Q: How can states regain their momentum toward integrated care? Are there new opportunities for states that were not thinking about Medicare-Medicaid integration?

A: COVID-19 is precipitating very rapid change, and as states respond and seek to address the many challenges facing vulnerable beneficiaries, integration opportunities may rise to the forefront. States may want to consider re-focusing efforts on making system changes that increase coordination and alignment. The Medicare-Medicaid Coordination Office has re-opened the Financial Alignment Initiative and will consider partnering with new states for demonstrations. States can also propose completely new state-specific demonstrations that are responsive to elevated care coordination or service delivery gaps. Efforts may also be based on Dual Eligible Special Needs Plans already operating in a state. They could be incremental in focusing on only one region or subpopulation or potentially build on an existing delivery system or payment reform effort.

Q: What can states and their federal partners do now to prepare to support dually eligible populations moving forward?

Increasing transparency around provider payments may help prevent a potential system inequity whereby providers serving the most at-risk beneficiaries are not getting the supports they need.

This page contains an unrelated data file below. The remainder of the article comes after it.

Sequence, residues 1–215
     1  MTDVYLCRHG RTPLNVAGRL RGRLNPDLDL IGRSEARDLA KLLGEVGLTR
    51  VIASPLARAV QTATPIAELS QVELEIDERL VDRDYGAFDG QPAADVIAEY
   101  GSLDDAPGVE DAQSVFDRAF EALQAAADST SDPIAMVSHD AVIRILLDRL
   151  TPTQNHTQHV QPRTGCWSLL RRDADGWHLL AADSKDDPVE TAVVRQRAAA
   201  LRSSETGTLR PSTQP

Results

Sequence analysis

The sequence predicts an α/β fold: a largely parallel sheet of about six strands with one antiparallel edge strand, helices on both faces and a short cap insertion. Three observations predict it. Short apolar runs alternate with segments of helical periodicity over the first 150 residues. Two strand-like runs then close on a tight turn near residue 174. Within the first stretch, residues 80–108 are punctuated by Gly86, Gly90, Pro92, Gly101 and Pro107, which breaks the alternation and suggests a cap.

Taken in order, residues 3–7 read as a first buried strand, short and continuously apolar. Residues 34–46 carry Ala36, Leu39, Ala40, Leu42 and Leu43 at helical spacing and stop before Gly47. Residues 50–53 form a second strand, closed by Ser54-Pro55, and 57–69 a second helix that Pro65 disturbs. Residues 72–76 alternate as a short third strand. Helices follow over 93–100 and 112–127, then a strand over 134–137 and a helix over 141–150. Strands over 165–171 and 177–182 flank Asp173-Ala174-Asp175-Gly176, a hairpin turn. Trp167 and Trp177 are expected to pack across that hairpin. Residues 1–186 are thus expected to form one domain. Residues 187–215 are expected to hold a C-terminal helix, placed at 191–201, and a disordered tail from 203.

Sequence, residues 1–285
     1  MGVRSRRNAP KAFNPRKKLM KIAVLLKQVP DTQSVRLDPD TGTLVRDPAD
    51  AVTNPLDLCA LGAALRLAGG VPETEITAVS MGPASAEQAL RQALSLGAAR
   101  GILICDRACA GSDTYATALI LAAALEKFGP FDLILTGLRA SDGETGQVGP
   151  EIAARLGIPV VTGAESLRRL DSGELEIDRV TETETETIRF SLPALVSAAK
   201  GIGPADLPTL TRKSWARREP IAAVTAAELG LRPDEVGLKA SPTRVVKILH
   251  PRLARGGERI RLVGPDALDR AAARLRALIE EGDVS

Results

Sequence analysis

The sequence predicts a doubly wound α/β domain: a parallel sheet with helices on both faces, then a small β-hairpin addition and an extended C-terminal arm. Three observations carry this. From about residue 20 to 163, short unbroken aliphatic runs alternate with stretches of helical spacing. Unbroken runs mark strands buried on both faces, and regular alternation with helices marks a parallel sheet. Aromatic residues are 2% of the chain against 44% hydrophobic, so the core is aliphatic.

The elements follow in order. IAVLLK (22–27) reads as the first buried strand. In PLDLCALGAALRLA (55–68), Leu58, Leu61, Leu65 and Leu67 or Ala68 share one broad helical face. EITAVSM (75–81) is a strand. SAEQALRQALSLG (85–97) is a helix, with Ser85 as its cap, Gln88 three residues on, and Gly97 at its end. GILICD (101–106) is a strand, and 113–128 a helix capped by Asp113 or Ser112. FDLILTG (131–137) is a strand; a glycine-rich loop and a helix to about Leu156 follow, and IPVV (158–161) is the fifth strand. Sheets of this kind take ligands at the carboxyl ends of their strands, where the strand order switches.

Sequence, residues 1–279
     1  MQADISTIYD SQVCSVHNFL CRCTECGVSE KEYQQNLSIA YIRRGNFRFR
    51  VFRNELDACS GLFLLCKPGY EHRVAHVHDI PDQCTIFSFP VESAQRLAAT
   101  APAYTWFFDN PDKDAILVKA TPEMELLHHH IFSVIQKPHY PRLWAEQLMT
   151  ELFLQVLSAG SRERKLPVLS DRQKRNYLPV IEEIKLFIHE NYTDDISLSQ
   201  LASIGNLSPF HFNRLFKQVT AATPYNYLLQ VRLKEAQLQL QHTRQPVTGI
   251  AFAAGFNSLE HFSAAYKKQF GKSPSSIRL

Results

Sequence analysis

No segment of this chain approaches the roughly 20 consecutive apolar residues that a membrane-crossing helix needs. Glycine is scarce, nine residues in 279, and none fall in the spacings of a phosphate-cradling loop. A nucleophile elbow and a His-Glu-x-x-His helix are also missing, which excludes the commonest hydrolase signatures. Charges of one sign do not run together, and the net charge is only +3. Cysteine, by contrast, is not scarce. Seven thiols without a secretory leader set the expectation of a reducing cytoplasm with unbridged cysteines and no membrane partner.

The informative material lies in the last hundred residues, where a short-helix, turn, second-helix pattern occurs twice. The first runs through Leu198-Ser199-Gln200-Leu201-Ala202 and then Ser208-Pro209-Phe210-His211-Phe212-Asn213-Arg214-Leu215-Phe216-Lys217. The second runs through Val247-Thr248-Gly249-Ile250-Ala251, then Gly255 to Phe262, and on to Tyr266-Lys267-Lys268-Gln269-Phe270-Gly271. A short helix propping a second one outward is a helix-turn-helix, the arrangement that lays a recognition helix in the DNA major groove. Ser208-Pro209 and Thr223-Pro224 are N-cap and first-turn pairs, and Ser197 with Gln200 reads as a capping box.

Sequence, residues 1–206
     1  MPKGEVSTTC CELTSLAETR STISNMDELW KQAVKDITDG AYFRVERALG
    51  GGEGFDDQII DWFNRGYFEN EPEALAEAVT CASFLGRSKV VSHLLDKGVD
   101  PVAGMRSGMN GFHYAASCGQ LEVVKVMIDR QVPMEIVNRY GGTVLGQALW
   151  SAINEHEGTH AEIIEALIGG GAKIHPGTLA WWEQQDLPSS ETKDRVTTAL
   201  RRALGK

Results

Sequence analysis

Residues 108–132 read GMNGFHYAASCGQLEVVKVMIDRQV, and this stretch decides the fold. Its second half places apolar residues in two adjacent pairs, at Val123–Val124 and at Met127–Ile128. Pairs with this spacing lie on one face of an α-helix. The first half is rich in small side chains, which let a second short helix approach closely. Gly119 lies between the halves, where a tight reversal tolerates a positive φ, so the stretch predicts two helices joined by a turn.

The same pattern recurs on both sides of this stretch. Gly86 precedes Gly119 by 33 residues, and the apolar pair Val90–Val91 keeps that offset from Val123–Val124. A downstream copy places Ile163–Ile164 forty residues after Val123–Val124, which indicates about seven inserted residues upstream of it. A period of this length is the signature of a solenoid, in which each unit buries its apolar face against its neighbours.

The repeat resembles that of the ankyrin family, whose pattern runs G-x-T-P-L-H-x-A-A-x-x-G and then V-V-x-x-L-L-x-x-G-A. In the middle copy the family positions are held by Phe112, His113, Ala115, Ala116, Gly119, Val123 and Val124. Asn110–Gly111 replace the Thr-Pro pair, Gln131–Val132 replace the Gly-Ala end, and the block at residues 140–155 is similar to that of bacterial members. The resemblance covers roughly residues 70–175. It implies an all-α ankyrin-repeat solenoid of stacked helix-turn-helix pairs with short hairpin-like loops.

A: This crisis is prompting all of us to think about how we can do things differently. At a more granular level, there are three priorities for states that come to mind.

Bolster state capacity. We need to provide supports that help states build capacity to advance integrated models. This is important whether states are focused on either incremental or broad-based program changes to how care is delivered for this population. This is a place where federal funding to support states through enhanced FMAP or, even better, through grants that can provide direct funding for specific activities. Now is the time to give states resources; otherwise this population will continue to be left behind.